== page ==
In my opinion, there is one more advantage of incorporating EVs into public transportation as it will give a first-hand experience for the public and they can get a good taste of the EV ride and get a good impression about EVs.

Moving on…

#7 Education and Awareness

Some might think educating the public about EVs is not that important for a country to lead the EV race. However, according to a recent study, information gaps (34%) are a significant obstacle to the adoption of EVs, and a lack of knowledge is one of the biggest ones. It turns out that many individuals have little knowledge about EVs (18%) but a strong desire to learn more (59%).

Here are some of the findings of the study.

  • While 4 out of 10 people could name Tesla, just 18% of them could name BMW, the second most well-known EV brand. Other companies have difficulty increasing their EV name awareness above 15%.
  • According to 31% of the study respondents, infrastructure for charging electric vehicles needs to be improved (42%).
  • In 2018 AAA study found that 58% of customers stated they wouldn’t switch to electric vehicles because they were concerned about the range.
  • Over half of the audience (53%) was not aware that an EV can be charged using a standard household socket.
  • 20% of people were unaware that those who purchase EVs are eligible for tax incentives. One in five attendees was unaware that EV drivers in the UK do not have to pay road tax.
  • Moreover, two-thirds were unaware that every time the driver applies the brakes, the battery gets charged.

The above are a few findings of the survey conducted and we can see that people have to be taught about the benefits of EVs if a country needs mass adoption.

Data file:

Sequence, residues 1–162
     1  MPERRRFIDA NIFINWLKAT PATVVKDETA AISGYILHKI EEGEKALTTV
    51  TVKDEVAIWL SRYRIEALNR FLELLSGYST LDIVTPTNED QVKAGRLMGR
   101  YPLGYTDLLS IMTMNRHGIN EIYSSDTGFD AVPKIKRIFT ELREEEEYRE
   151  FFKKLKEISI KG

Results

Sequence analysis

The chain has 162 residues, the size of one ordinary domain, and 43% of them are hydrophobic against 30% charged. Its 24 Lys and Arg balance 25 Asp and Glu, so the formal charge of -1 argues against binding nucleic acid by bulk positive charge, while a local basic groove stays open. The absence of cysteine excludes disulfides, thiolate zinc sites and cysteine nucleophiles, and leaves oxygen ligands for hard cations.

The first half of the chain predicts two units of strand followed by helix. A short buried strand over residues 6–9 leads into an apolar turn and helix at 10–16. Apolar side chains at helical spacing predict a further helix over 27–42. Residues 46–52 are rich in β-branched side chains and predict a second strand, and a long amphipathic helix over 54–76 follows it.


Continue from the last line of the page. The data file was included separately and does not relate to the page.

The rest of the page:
Now let us look into another important factor aiding EV adoption.

#8 Partnerships with Industry

This one is closely related to the ‘Procurement by Government’ point we discussed earlier. Collaborating with domestic and international automakers and technology companies to promote EV development can accelerate progress. Public-private partnerships can provide funding and expertise to support the industry.

In many countries service providers in delivery, last mile operations and mobility sectors are partnering with EV companies to make their services more ‘Green’ while achieving their corporate policies on carbon footprint and gaining a positive vibe among the masses.

Public perception plays a significant role in adopting any new technology. Partnering with the industry by any public or private entities will improve the general perception about EVs, and their environmental impact, and cost savings can encourage adoption.

Now let us look at another factor for faster EV adoption.

#9 Workforce Development

To win the EV race it is more important to become a provider than the end user. If a country wants to win the race it should be a major player in the global EV supply chain network. 

Developing a skilled workforce for the EV industry is a practical and straightforward approach a country can take to establish themselves in the EV map especially if the country doesn’t have the luxury of mineral deposit for the batteries or motors for the EVs.

Training programs and educational initiatives in areas like battery manufacturing, electric vehicle maintenance, and software development are important. Countries like Canada have invested in programs to train workers for EV manufacturing and maintenance, helping to create a skilled workforce for the growing industry.

But what’s the point of using EVs if we power them with electricity obtained by burning fossil fuels? Let us address that issue.

#10 Integration with Renewable Energy

The fastest-growing energy source in 2019 was solar energy, which was then followed by wind and hydropower. These clean, renewable energy sources have no pollutants and provide a clean power supply for our electric cars. Encouraging the integration of EVs with renewable energy sources can reduce the environmental impact of transportation and make it more sustainable.